10. Leavenworth, L. & G. R. Co. v. United States, 92 U. S. 733, 23 L. Ed. 634; Broder v. Na-toma Water & Mining Co., 101 U. S. 274, 25 L. Ed. 790; Winona & St. P. R. Co., v. Barney, 113 U. S. 618, 28 L. Ed. 1109; Sioux City &

Iowa Falls Town Lot & Land Co. v. Griffey, 143 U. S. 32, 36 L. Ed. 64.

11. Van Wyck v. Knevals, 106 U. S. 360, 27 L. Ed. 201; Sioux City & Iowa Falls Town Lot & Land Co. v. Griffey. 143 U. S. 32, 36 L. Ed. 64; Curtner v. United States, 149 U. S. 672, 37 L. Ed. 893; St. Paul & S. C. R. Co. v. Winona & St. P. R. Co., 112 U. S. 720, 28 L. Ed. 872.

To each state, also, in which there were then public lands, five hundred thousand acres were, by act of congress, granted for internal improvements, and this grant extends to each new state as it is admitted.12

By the "swamp land" grant of 1850, all swamp and overflowed lands unfit for cultivation on that account were granted to the several states in which they were situated, subject to certain restrictions, for the purpose of aiding in the reclamation of such lands.13

- Townsites. The statutes of the United States specify three methods by which public lands may be acquired for townsites: (1) The president may reserve land for townsite purposes on harbors or rivers, or at other possible centers of population, and lots therein may be sold at public outcry. (2) Persons desiring to found a city or town on public land may locate a town-site not over six hundred and forty acres in extent, and lay off lots therein, and the president may then authorize the sale of such lots at a minimum price of ten dollars per lot. (3) Public land which has actually been settled upon and occupied as a townsite may be entered in the office as a townsite by the municipal authorities thereof, or by the county judge.14

- Mineral lands. Lands belonging to the United the ground, and in some states, by local requirements, by posting notice of the claim, and recording a certificate of the location.18 The extent of the claim is, in the case of a lode or vein, limited by the United States statute to fifteen hundred feet in the direction in which the lode or vein runs, and three hundred feet on each side of the vein; the boundaries running in the direction of the vein being known as "side" lines, and those running across the vein as "end" lines. The locator is entitled to any ore within the space marked by these surface lines extended downward vertically, and may follow the vein across his side lines, even though, in so doing, he takes ore from beneath the surface claim of another, but he cannot follow the vein across his end lines.

Mineral lands were merely leased by the government for the purpose of working. After the discoveries of precious metals in the western territory, the mineral deposits on the public lands were worked by the immigrants under mining regulations established by themselves, and without any permission from the government, and the courts adopted the fiction that the first appro-priator, in accordance with the local mining regulations, had a license from the government to work the mines.15 It was not until 1866 that congress passed an act providing for the acquisition of mineral lands within the public domain by individuals at nominal prices. This statute adopted the essential features of the local miners' regulations in regard to the acquisition or "location" of claims, and all legislation by congress on the subject has recognized the validity of such regulations, as well as of state statutes, when not in conflict with the acts of congress.16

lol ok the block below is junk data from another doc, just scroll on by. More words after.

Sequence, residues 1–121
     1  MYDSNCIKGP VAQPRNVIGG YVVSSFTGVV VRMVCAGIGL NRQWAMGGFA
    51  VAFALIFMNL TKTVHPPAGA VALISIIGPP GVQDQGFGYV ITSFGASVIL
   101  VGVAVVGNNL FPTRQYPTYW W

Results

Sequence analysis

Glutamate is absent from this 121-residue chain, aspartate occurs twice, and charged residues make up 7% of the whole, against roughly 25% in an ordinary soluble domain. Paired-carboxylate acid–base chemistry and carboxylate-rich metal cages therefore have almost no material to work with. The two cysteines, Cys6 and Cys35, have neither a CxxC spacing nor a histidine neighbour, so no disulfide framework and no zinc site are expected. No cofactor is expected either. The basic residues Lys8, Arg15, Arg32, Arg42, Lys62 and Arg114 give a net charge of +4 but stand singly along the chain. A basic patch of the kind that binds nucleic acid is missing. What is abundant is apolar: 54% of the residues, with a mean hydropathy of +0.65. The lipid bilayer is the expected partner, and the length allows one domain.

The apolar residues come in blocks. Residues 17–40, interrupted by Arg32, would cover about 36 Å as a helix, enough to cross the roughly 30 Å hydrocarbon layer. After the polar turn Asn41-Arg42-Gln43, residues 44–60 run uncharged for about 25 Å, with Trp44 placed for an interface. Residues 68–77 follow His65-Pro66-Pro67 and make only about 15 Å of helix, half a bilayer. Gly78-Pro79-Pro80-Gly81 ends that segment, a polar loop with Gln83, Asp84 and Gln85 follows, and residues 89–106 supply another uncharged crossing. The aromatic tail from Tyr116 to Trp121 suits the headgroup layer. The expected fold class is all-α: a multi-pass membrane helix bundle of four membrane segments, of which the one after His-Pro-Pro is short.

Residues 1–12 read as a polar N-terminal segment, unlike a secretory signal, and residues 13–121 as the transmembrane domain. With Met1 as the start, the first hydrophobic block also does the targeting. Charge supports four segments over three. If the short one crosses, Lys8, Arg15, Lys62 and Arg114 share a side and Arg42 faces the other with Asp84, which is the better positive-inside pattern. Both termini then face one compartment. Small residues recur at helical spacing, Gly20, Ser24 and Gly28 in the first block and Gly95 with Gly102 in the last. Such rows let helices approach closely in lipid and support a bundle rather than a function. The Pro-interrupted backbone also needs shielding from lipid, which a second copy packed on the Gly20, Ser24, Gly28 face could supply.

States which contain valuable deposits of minerals have usually been excepted from the operation of general laws for the acquisition of land by individuals, such as the pre-emption and homestead laws. For many years,

12. Act Sept. 8, 1841 (Rev. St. U. S. Sec. 2378).

13. Rev. St. U. S. Sec. 2479.

14. Rev. St. Sec.Sec. 2380-2389; 2 Copp, Pub. Land Laws (1890) 1010-1013.

The statutes on the subject of the acquisition of claims make a distinction between mineral deposits in "lodes" or "veins," these being equivalent terms, and "placer" deposits. A "lode" or "vein," as the terms are used in the statute, is a "line or aggregation of metal imbedded in quartz or other rock in place," while the term "placer" is applied to ground which "contains mineral in its earth, sand, or gravel; ground that includes valuable deposits not in place, - that is, not fixed in rock, - but which are in a loose state, and may, in most cases, be collected by washing or amalgamation without milling."17

Any citizen or intending citizen, upon discovering a vein or lode of minerals on public land, may "locate" a claim thereto by marking the limits of his claim on

15. Sparrow v. Strong, 3 Wall. (U. S.) 97, 18 L. Ed. 49; 1 Bar-ringer & Adams, Mines & Mining, 196.

16. The United States statutes on the subject are to be found in Rev. St. Sec.Sec. 2318, 2352.

17. Mr. Justice Field in United States v. Iron Silver Min. Co., 128 U. S. 673, 32 L. Ed. 571.

A placer claim or location is limited to one hundred and sixty acres in case the location is made by an association of not less than eight bona fide locators, and to twenty acres in the case of a location by an individual.

In order that one who has located a claim may continue to hold it, he must do work or make improvements thereon to the value of at least one hundred dollars in each year, and, in case of his failure so to do, the claim is forfeited, and open to location by another person.19